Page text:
6. The National Highway Traffic Safety Administration has issued a $3.5 million fine for Ferrari as it failed to comply with oversight requirements. The agency announced today that the Italian sports car maker had not submitted early warning reports for the past three years. These reports are important for NHTSA as it helps them identify potential or existing safety problems. Federal law requires manufacturers these reports quarterly. Previously, Ferrari was qualified as a a small-volume manufacturer which exempted them from providing these reports. However, Ferrari was still required to notify the agency of any fatal accidents involving its vehicles, something it didn't do for three accidents in this time. Also, Ferrari lost its small-volume manufacturer exemption when it became part of Fiat in 2011. "There is no excuse for failing to follow laws created to keep drivers safe, and our aggressive enforcement action today underscores the point that all automakers will be held accountable if they fail to do their part in our mission to keep Americans safe on the road," said U.S. Transportation Secretary Anthony Foxx. Ferrari spokesperson Krista Florin said in a statement that the missed reports were unintended, and that the automaker had implemented new procedures to "ensure full compliance in the future." Source: Reuters, National Highway Traffic Safety Administration William Maley is a staff writer for Cheers & Gears. He can be reached atwilliam.maley@cheersandgears.com or you can follow him on twitter at @realmudmonster. Press Release is on Page 2 NHTSA Fines Ferrari $3.5 Million for Failing to Submit Early Warning Reports Automaker Did Not Submit Required Safety Information for Three Years WASHINGTON – The U.S. Department of Transportation's National Highway Traffic Safety Administration (NHTSA) today announced that Ferrari will pay a $3.5 million civil penalty and has been ordered to comply with NHTSA oversight requirements as set forth in a Consent Order for failing to submit early warning reports (EWR reports) identifying potential or actual safety issues. Federal law requires large manufacturers and affiliates of large manufacturers to submit comprehensive EWR reports on a quarterly basis, in order to provide notice to the Department of potential safety concerns. Ferrari, an affiliate of Chrysler, admitted that it violated the law when it failed to submit required reports to NHTSA over a three-year period, and failed to report three fatal incidents. Until Fiat (which includes Ferrari since 2011) acquired Chrysler, Ferrari qualified as a small volume manufacturer and was not required to file quarterly EWR reports. However, while Ferrari was not required to file quarterly reports, it must report fatal incidents nonetheless. "There is no excuse for failing to follow laws created to keep drivers safe, and our aggressive enforcement action today underscores the point that all automakers will be held accountable if they fail to do their part in our mission to keep Americans safe on the road," said U.S. Transportation Secretary Anthony Foxx. In addition to the civil penalty, the Consent Order requires the automaker to improve its processes for EWR reporting, to train personnel on the EWR requirements, to communicate these improvements to NHTSA, and to retroactively submit all EWR reports. The Consent Order is immediately enforceable in federal court if any terms are violated. "The information included in early warning reports is an essential tool in tracking down dangerous defects in vehicles," added NHTSA Deputy Administrator David Friedman. "Early warning reports are like NHTSA's radar, helping us to find unsafe vehicles and make sure they are fixed. Companies that violate the law and fail to comply will be subject to comparable swift NHTSA enforcement action." EWR reports are required under the Transportation Recall Enhancement, Accountability, and Documentation (TREAD) Act of 2000. The law requires quarterly reporting of: production information; incidents involving death or injury; aggregate data on property damage claims, consumer complaints, warranty claims, and field reports; and, copies of field reports involving specified vehicle components, a fire, or a rollover.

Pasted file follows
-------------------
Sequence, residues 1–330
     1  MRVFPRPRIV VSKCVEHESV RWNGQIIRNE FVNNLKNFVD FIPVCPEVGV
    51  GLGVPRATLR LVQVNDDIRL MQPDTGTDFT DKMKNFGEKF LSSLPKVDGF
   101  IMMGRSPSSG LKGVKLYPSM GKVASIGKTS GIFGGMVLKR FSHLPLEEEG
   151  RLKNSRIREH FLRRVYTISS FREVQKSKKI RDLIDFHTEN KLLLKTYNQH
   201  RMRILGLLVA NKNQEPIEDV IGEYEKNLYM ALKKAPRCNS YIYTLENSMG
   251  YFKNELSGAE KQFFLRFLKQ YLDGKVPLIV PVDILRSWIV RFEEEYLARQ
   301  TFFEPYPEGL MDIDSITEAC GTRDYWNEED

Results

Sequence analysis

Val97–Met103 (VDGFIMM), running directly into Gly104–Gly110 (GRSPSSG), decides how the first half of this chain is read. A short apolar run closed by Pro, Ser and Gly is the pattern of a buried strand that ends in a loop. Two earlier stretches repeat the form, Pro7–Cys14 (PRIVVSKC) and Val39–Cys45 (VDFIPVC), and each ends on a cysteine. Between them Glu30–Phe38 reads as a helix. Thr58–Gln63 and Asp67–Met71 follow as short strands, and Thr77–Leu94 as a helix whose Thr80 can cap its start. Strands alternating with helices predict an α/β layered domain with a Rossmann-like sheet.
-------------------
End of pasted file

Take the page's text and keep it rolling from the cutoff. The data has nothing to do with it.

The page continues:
7. NHTSA Ends The $7,000 Daily Fine For GM